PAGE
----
Nov 112018

The Meg is a fun enough if not also forgettable science fiction action-adventure flick, a bigger budget version of a plot you’d see from Asylum that somehow managed to get an A-grade actor to star.



The Meg

Genre(s): Action, Science Fiction
Warner Bros. | PG13 – 113 min. – $44.95 | November 13, 2018

Date Published: 11/11/2018 | Author: The Movieman

Directed by: Jon Turteltaub
Writer(s): Steve Alten (novel); Dean Georgaris and Jon Hoeber & Erich Hoeber (screenplay)
Cast: Jason Statham, Li Bingbing, Rainn Wilson, Ruby Rose, Winston Chou, Cliff Curtis, Robert Taylor, Page Kennedy, Ólafur Darri Ólafsson, Jessica McNamee, Masi Oka
Features: Featurettes
Digital Copy: Yes
Formats Included: 4K, Blu-ray
Number of Discs: 2
Audio (4K/BD): English (Dolby Atmos), English (DTS-HD 5.1), French (Dolby Digital 5.1), Spanish (Dolby Digital 5.1)
Video (4K): 2160p/Widescreen 2.40
Video (BD): 1080p/Widescreen 2.40
Dynamic Range: HDR10, Dolby Vision
Subtitles: English SDH, French, Spanish
Codecs: HEVC / H.265 (4K), MPEG-4 AVC (BD)
Region(s): A, B, C

Warner Bros. Home Entertainment provided me with a free copy of the Blu-ray I reviewed in this Blog Post.
The opinions I share are my own.

THE MOVIE — 3.25/5

Ever want to see a big budget Asylum or SyFy TV movie? The Meg pretty much is that, though a whole lot more fun and gets the big benefit of having, outside of the better production values, of starring Jason Statham playing pretty much similar roles he’s done in the past, like The Mechanic: Resurrection or even The Transporter Trilogy, albeit at least The Meg has a better screenplay, for whatever that’s worth.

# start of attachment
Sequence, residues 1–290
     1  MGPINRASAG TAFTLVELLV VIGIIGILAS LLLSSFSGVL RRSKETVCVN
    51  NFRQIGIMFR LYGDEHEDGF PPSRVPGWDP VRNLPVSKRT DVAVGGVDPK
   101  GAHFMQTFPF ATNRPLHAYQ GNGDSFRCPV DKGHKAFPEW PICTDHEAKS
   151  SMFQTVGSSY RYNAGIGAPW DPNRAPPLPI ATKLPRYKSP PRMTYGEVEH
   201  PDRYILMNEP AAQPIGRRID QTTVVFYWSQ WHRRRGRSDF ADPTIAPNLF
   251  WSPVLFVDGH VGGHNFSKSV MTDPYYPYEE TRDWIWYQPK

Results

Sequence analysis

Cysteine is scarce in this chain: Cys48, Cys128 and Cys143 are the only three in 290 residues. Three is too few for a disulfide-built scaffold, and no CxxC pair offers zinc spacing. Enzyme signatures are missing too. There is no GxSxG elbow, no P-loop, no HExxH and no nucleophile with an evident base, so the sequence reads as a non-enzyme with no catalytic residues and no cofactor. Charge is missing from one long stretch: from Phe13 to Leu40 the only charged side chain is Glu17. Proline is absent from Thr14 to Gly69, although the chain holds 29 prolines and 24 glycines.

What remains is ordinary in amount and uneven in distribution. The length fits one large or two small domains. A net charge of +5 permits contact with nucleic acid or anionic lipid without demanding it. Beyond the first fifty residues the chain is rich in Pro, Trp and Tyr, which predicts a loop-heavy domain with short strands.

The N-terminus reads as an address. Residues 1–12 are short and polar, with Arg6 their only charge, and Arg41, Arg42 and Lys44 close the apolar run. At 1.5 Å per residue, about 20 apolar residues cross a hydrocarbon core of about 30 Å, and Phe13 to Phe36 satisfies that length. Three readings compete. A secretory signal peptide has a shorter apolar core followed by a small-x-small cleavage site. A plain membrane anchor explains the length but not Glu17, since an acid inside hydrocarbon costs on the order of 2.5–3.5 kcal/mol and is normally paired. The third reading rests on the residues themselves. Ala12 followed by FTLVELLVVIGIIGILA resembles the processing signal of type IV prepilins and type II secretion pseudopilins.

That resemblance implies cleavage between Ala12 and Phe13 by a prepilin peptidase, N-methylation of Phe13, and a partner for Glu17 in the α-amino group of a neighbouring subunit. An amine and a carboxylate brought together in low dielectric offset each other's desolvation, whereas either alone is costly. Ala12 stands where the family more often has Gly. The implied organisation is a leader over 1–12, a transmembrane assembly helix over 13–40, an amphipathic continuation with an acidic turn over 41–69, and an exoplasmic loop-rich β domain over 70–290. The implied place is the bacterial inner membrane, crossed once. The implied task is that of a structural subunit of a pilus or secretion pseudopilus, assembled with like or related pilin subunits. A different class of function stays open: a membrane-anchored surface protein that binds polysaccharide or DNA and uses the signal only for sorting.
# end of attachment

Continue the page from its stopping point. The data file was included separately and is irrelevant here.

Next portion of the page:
At the Mana One Research Center, funded by billionaire Jack Morris (RAINN WILSON), housed on a platform in the middle of the ocean, scientists take a sub vehicle down to some of the deepest part of the ocean to gather samples and pictures of this unknown area when they are attacked from some unknown, yet large, creature.

With their vehicle immobilized and running on fumes to stay alive, former rescuer Jonas Taylor (JASON STATHAM), who five years prior made the tough decision to leave two sailors behind on a submarine, which was being bombardon by a mysterious creature, likely the same one that has hit the submersible. After some initial hesitation, he eventually agrees after being informed that his ex-wife (JESSICA MCNAMEE) was piloting it. Although he does manage to rescue them, the return above what is called a thermocline cloud of hydrogen sulfide (basically on top is warmer water, below cold, is breached and this creature, as we discover is a Megalodon, a species long thought extinct, is now on the top and is on the hunt for prey.

Now it is up to Taylor and the other members of Mena One to take the shark down before it wreaks more carnage before it’s too late.

The Meg doesn’t exactly have an in-depth plot and that’s kind of its charm as a disaster-thriller that doesn’t waste too much time on an over-complicated story and instead embracing some of the stupity which I found, for the most part, did actually work quite well. Key there is, “for the most part” as there was a few moments, particularly during the climax which was just too dumb, though without getting into major spoiler territory, can’t really reveal (only to say it involves helicopters which come into play adding an additional predicament to Taylor and company.